As the frustration with changes in healthcare grows, and after speaking with the vociferous advocates who are part of the ACR, you have decided that you need to become involved in advocacy for your patients, your practice and your profession. Welcome to the fold.
How to Help from Home
Many people indicate they aren’t more active in advocacy because of their physical distance from Washington, D.C. Considering time and financial constraints, as well as practice commitments, too many of us cannot afford to make a trip to our nation’s capital. Don’t let this prevent you from taking an active role in advocacy. Here are some ways that you can get involved right at home.
- Join the ACR Advocacy online community: This is the best way to stay informed about what is happening in Washington that affects rheumatology. The skilled leadership and staff devoted to government affairs provide regular updates on policies and bills that merit our attention and action. Being informed is the first big step in being an effective advocate.
- Invest in RheumPAC: This is the best way for us to get our foot in the door of legislators who are developing policies that affect our patients and practices. Other stakeholders—the insurance companies, pharmacy benefit managers and pharmaceutical companies—have many staff members on Capitol Hill, but currently, less than 5% of rheumatologists have participated in the best way to take them on in D.C. By giving, you help make your voice (and your colleagues’ voices) heard.
- Visit the advocacy section on the ACR website: The Legislative Action Center allows you to send letters to your representatives and senators regarding the issues before them. Every letter counts, literally: They keep track of every pro or con letter they get from a constituent, and this can affect how they vote. We also can weigh in when the CMS is planning a proposal that is detrimental to our patients and practices. We have already been successful in preventing bad policies from being instituted, but we can always use more voices in addressing future proposals.
- Support your own representative or senator: Some of us are fortunate enough to have stellar people representing us in Washington. Contributing to their campaign will often lead to access when they are in their district, invitations to events, even development of relationships that allow you to provide expert opinions to them on issues they will be called to vote on.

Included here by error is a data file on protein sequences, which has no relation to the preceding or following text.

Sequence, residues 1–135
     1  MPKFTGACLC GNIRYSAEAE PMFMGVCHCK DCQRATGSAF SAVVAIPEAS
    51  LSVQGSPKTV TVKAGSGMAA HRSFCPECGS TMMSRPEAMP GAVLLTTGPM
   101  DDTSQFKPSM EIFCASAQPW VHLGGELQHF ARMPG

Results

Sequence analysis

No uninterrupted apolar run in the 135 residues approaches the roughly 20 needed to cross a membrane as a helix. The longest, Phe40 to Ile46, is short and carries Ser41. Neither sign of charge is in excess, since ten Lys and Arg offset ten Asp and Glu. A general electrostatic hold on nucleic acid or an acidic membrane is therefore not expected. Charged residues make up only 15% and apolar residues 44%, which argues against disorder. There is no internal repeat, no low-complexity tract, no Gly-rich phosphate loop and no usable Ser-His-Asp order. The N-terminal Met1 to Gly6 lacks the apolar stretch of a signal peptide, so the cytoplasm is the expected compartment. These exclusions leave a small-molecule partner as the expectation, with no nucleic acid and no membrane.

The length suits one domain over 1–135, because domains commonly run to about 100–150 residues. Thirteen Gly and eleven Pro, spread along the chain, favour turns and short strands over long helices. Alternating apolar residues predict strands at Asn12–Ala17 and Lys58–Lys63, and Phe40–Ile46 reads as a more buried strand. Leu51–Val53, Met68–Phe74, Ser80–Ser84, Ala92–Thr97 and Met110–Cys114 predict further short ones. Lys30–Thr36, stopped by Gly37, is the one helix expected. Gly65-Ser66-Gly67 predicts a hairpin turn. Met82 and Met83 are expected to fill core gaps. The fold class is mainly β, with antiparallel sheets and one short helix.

- Make a visit to your legislator when they are home: When the House is not in session, most representatives will have office hours in their home districts. Simply call their office, find out when they will be there, and make an appointment to visit. You can get briefs from ACR advocacy staff on pressing issues that you can give to your representative. Senators also have satellite offices that are often nearby; make an appointment to visit with their local legislative aides, who will pass on your information to the right people in the senator’s D.C. office.
- Be willing to attend a local fundraiser as a representative of the ACR: Representatives and senators who have supported pro-rheumatology issues or are on committees that are important to our causes are often on the list of people whose campaigns are supported by RheumPAC. Quite often, local constituents can attend fundraisers as an ACR representative to present a check to their campaign, and have a chance for a one-on-one meeting with that senator or representative. This gives you an opportunity to provide them information on our issues. Direct contact is an excellent way to get our point across.
- Don’t forget your state advocacy activities: Many of us live in states with state rheumatology societies that are becoming very active with the state legislatures. Some issues are better handled by state and local governments, and this is important as well.
- Connect with your elected officials and other rheumatology advocates on social media, such as Twitter: It’s a great way to publicly thank rheumatology champions on Capitol Hill for their work. Follow the ACR at @ACRheum and check out ACR GAC Chair @AngusWorthing’s#ThingADay for easy ways to get involved.
We all can step up and become more active advocates. Former House Speaker Tip O’Neill reportedly said, “All politics is local.” Certainly, advocacy begins at home.
Disclaimer: Contributions to RheumPAC are used for political purposes and are not tax deductible. Contributions to RheumPAC must be voluntary and made with personal funds. Federal law prohibits contributions to RheumPAC from corporations, but ask us about the RheumPAC Advocacy Fund, which does support advocacy with soft dollars. Contributions to RheumPAC can be made only by U.S. citizens or permanent resident aliens.
Chris Morris, MD, is a rheumatologist at Arthritis Associates in Kingsport, Tenn.